To understand how easily an NFL team's season can get lost, consider the Giants Miracle in Philadelphia on Sept. 17. If Eli Manning gets knocked off his pins instead of completing a 22-yard pass to Tim Carter with 35 seconds to play, the Giants probably lose. If the Eagles Trent Cole doesn’t kick Kareem McKenzie in the jewels with 10 seconds to play, Jay Feely has to make a 50-yarder to tie the game and the Giants probably lose. And if Feely doesn’t make the 35-yarder with 7 seconds to go, the Giants DO lose. But Manning stayed up and completed the pass, Cole put his foot where it shouldn’t have been, Feely made his field goal and the Giants won in overtime.
What’s your point?
The point is that if the Giants lost they’d be heading to the House of Noise this week at 0-2 and with the very bad (and very real) prospect of a lost season to come. Instead they’ll go to Seattle, a lot more relaxed and able to deal with this game no matter the result. Win and they’re 2-1 and looking like a playoff team; lose and they’re 1-2 but through their most difficult portion of the schedule and still with high hopes.
No such luxury exists for the 0-2 Redskins against Houston, the 0-2 Dolphins against Tennessee, or the 0-2 Panthers and the 0-2 Buccaneers, who play each other. For these guys (all with playoff expectations) this week’s game could feel like lose and go home. Lots of fans will feel that way for sure.
We’re not going to the record books to let you know which teams in NFL history have made the playoffs after starting 0-3. We’ll leave that to the filberts and to the end of the season, when that stat actually matters. And, yes, there are other 0-2 teams playing this Sunday, in fact Miami hosts one in the Titans, and Washington visits one in the Texans. Two others play each other—Packers at Lions—but no one could seriously have considered those four as potential playoff teams. (Yes, the Lions were picked as a playoff team by a lot of people but not here.)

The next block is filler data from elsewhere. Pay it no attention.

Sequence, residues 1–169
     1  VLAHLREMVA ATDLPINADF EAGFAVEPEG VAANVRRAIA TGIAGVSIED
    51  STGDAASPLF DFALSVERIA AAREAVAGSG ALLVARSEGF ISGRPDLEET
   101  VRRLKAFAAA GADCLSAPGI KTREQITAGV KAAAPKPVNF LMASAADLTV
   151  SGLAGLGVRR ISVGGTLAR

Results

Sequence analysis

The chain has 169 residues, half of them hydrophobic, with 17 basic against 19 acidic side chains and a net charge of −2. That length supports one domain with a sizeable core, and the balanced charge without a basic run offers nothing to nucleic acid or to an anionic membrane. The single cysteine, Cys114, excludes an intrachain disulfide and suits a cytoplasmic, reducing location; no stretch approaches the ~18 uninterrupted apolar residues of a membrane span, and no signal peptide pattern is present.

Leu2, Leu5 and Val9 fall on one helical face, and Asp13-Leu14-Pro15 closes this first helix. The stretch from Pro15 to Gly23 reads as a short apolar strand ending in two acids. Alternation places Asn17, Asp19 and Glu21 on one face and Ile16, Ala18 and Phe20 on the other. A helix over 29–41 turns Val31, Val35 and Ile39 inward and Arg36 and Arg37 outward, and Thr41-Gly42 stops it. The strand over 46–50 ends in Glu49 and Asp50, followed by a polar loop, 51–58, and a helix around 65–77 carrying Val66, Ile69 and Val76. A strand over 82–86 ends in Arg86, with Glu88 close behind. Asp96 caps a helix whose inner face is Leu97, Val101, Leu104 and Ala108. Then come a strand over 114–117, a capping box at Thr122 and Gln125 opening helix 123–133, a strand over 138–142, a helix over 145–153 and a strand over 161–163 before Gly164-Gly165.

For Miami, Washington and Tampa Bay the desperation has to feel a little worse because they’re all 0-2 and totally unsure of their quarterbacks. Is the Dolphins Daunte Culpepper as immobile as he has looked? Can it possibly be that there are calls for Joey Harrington to replace him? If that doesn’t illustrate desperation, what could?
Redskins Coach Joe Gibbs has to be looking at his QB Mark Brunell and wondering if that birthday he publicly celebrated last Sunday night was his 56th and not his 36th. Washington goes back to Texas this week and better come home with its first victory or owner Dan Snyder could start throwing hissy fits and new boy toy Tom Cruise could jump from Snyder’s couch.
And Bucs coach Jon Gruden can’t feel good about Chris Simms. His numbers are off the charts awful. (THREE points for the Bucs in two games? Don’t you guys realize that one genius I know—that would be me—picked the Bucs to go to the Super Bowl?)
Carolina can at least feel some optimism even though they’re on the road this week. The Panthers can’t possibly do anything as stupid as those special teams’ fiascoes of last Sunday. (For a great reflection at Carolina’s brain cramps have a look at this FanNation blog posting: Losing battles in the War of 2006.) Coach John Fox has a QB who seems trustworthy in Jake Delhomme, the potential return of Steve Smith at wideout and a defense led by the incomparable Julius Peppers.
So for Carolina, it should be a good day; for the others, hold your breath and fasten seat belts. By Sunday night a lot of fans will know what they have to look forward to—a chance in the NFL or the hockey season.